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Mind of Jacka: 'Honest, I'm Working'

Blogs Mike Jacka, CIA, CPA, CPCU, CLU Nov 09, 2022

A recent conversation with a friend of mine led to his asking me a question that writers, artists, musicians, and creatives of all types are constantly asked. While discussing this blog, my friend asked, "Where do you get your ideas?"

That, my friends, is the multimillion-dollar question, the secret word that brings the duck down from the ceiling, unearths the priceless bauble from the bottom of the Frosted Flakes, and reveals the convertible behind the curtain behind Carol Merrill, the seventh city of Cibola, the Dutchman's gold, the tomb of Genghis Kahn, the Amber Room of the Romanovs, and the auditee that agrees with every finding. It is a question for which there is no real answer, as ephemeral as the gossamer drifting from a fairy's wings.  It is a question that has haunted scientists and philosophers since the first creative acts could actually be observed by scientists and philosophers.

Where do you get your ideas?

Author Harlan Ellison had one of the best answers. He told those who asked the question that he used an idea service that was based in Schenectady. For a nominal fee they would send him three ideas a week. (There will always be literalists in the crowd so, invariably, someone would come up after a presentation asking for the address.)

So, with all that baggage behind the question, I provided an answer that, for me, is occasionally true. I read a lot. And I get a lot of my ideas from that reading. As I read, some ideas will strike my fancy. And I have gotten into the practice of connecting such ideas with internal audit. Voila, a blog post is born. Now, what is the magic that occurs between the written word I read to the written word you are reading? No idea. All I can identify is the priming of the pump. How the pump then works is a mystery to me.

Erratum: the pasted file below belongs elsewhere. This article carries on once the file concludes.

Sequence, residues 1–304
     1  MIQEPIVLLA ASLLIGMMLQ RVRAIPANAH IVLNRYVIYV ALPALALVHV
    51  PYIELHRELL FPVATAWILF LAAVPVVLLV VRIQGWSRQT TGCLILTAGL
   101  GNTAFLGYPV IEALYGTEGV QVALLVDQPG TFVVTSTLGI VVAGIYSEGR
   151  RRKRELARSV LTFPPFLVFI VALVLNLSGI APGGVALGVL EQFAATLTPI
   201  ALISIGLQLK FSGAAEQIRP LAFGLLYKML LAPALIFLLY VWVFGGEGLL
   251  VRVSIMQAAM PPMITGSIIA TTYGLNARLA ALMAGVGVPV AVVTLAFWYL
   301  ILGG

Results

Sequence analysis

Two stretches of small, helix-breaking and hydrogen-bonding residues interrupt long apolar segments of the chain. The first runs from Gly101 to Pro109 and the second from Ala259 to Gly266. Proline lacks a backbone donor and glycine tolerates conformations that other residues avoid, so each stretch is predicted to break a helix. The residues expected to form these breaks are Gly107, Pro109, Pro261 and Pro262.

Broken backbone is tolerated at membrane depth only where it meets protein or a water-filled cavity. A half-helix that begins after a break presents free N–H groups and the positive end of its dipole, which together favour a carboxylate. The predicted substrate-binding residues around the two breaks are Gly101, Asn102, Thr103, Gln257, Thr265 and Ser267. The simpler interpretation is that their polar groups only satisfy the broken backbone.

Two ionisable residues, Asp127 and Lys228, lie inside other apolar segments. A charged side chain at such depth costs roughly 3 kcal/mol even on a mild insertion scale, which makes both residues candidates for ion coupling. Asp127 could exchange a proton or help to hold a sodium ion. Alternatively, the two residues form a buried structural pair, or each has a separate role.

This naturally led our conversation to the topic of reading. And from there, we began talking about finding the time to not only read, but to absorb, translate, and transform such inputs. And that led to the need for all professionals to be allowed and to allow themselves such time — even in the workplace. My friend is an advocate of allowing his audit team this freedom, not forcing them to look busy, and letting them know they can sit at their desks and just think. That is an important part of their success.

Working, thinking, developing ideas, drawing conclusions, thinking critically, being creative, etc. are not necessarily physical activities. People do not run around the room screaming, "I'm drawing a conclusion!" or pound on the desk shouting, "I'm thinking critically! I'm thinking critically!" And they should not be expected to spend all their time furiously writing, stabbing at their keyboards, shuffling papers, or any of the other tasks that we think of as "work." In fact, focusing on physical action deters the mind from absorbing and analyzing. Sometimes developing ideas, thinking critically, et al. are best accomplished by sitting back, closing your eyes, and ruminating.

And now, let's invite serendipity up to the stage.